AUGUSTA, Ga. (WJBF)– The Medical College of Georgia is conducting a new study to see how exercise improves the quality and span of life for patients with Cystic Fibrosis.
“Cystic Fibrosis is an inherited disease. It’s autosomal recessive. And we have about 30,000 people in the US with CF,” pulmonologist Dr. Caralee Forseen said.
People like Chase Thompson, who was diagnosed with Cystic Fibrosis at just two weeks old. Now at 28, he hopes to be approved for MCG’s study, focusing on why CF patients struggle with exercise intolerance.
Thompson says the death of a close friend four years ago inspired him to participate.
“She was always big into doing studies,” Thompson said. “I was pretty selfish about my health for a long time. I didn’t really care about everybody else’s future and stuff like that. But when she passed away, I figured I’d pick up where she left off.”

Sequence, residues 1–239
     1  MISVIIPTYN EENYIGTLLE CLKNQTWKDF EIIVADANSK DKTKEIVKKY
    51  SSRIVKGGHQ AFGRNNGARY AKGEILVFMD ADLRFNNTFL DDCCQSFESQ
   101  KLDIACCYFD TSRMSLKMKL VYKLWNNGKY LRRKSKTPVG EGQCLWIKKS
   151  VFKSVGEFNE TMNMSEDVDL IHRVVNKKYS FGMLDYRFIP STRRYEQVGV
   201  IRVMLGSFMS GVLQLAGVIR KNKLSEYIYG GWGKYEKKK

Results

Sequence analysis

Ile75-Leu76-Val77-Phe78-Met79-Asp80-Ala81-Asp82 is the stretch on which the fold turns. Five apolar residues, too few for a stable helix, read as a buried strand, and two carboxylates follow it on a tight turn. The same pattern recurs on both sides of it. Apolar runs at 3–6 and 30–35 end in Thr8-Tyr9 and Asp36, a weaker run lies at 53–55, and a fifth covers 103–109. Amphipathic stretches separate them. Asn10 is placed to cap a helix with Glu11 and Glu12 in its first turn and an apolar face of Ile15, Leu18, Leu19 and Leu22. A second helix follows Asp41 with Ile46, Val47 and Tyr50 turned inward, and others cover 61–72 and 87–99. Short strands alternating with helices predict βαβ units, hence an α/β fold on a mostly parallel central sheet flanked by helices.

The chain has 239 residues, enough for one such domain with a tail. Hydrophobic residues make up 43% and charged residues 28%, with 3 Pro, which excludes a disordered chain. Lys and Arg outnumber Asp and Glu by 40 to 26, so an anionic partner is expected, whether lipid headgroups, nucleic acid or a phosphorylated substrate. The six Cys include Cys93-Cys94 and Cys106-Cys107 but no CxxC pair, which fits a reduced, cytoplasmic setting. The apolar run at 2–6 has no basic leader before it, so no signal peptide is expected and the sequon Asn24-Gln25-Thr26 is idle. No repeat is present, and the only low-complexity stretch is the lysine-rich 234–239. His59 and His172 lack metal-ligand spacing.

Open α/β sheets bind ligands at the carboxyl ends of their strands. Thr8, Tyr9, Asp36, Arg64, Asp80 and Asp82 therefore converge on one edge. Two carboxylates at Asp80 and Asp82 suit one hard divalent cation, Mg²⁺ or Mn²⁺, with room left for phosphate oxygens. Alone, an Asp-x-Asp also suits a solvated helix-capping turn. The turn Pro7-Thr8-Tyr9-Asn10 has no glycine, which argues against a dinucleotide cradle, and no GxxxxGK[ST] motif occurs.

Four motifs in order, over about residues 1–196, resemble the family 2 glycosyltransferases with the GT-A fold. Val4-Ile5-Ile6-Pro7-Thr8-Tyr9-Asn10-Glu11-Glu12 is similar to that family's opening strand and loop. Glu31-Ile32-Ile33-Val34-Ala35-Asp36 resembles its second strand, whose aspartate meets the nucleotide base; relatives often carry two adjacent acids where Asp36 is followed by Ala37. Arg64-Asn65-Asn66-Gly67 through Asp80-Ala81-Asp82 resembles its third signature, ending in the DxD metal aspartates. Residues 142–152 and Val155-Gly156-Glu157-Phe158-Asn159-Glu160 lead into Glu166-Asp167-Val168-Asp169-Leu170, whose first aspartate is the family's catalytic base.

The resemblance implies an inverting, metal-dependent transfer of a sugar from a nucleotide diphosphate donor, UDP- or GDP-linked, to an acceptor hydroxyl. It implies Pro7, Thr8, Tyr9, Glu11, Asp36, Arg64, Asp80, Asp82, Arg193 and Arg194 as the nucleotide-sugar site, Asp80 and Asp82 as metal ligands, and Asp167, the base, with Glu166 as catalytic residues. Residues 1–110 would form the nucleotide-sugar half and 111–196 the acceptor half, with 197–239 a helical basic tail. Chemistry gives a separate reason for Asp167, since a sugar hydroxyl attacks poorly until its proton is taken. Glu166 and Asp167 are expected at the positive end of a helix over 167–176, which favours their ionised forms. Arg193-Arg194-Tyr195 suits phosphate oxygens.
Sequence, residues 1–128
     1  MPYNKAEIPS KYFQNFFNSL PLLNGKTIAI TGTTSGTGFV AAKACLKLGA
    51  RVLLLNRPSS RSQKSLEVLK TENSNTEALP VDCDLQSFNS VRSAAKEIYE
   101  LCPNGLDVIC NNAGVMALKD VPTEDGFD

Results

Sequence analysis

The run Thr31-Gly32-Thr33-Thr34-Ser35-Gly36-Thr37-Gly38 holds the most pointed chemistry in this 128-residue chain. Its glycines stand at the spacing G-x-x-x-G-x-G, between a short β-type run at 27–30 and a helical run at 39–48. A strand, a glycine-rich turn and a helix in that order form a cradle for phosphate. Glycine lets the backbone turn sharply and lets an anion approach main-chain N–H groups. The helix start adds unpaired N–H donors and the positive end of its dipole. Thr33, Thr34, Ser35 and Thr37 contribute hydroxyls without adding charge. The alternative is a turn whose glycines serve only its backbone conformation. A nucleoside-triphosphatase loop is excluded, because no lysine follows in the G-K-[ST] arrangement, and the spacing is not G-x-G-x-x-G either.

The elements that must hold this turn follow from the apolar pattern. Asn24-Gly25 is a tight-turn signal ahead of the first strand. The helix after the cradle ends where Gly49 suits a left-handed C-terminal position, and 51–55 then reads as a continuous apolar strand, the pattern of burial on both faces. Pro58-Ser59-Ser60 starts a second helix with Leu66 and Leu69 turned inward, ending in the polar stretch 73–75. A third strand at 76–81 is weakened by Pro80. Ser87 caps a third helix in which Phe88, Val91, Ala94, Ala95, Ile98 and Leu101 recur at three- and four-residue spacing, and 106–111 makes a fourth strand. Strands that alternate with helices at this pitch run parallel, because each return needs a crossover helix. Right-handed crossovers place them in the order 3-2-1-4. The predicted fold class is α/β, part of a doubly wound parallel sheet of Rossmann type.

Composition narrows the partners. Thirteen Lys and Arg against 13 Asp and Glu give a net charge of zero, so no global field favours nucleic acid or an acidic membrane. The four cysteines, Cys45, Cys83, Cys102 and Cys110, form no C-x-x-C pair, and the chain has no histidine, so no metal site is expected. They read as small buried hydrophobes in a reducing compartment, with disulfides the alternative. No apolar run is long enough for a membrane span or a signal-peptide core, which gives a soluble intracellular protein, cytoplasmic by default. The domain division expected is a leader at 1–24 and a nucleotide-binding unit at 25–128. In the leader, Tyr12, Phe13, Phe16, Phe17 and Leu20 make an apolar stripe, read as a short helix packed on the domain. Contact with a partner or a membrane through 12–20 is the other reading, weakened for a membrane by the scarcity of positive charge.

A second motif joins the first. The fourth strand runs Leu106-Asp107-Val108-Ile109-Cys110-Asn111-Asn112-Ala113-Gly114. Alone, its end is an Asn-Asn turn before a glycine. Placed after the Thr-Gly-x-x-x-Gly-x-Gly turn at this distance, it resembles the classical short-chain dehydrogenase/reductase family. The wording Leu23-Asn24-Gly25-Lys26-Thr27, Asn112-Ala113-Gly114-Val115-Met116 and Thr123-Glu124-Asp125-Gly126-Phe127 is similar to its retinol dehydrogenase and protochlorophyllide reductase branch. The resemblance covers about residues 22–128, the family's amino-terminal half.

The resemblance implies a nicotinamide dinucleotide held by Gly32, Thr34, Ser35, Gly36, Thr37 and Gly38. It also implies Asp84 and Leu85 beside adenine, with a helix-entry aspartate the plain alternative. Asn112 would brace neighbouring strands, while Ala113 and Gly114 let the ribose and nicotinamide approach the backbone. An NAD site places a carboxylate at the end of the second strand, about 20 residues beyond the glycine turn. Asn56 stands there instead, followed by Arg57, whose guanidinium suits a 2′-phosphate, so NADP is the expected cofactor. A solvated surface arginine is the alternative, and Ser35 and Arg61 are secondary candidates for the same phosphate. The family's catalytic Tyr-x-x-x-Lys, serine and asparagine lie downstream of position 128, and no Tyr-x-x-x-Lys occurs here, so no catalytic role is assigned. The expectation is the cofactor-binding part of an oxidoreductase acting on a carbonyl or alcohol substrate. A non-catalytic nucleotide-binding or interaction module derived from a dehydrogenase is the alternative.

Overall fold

To be approved, Thompson underwent a physical exam and test to determine lung function. Cystic Fibrosis affects the lungs, making exercise difficult.
Vascular physiologist, Dr. Ryan Harris, says they are looking for patients with moderate lung disease.
“Once he gets approved, we’re going to do extensive testing on his exercise capacity, his vascular health, and his skeletal muscle health,” Dr. Harris said.
The study should help researchers better understand how diet and exercise improve quality of life and reduce the risk for Cystic Fibrosis related diabetes.
“Having a lot of physical activity helped me,” Thompson said. “Because even when I was sick, I was still able to go and do it and I feel like that helped me keep my bottom line where I needed it to be.”
Thompson says he used to see Cystic Fibrosis as a burden, but now he sees it as a blessing.
“The older I get, the more I appreciate it. Because I don’t feel like I look at life the same as I do now,” Thompson said. “I get more out of life than most people do. I seem to appreciate it more.”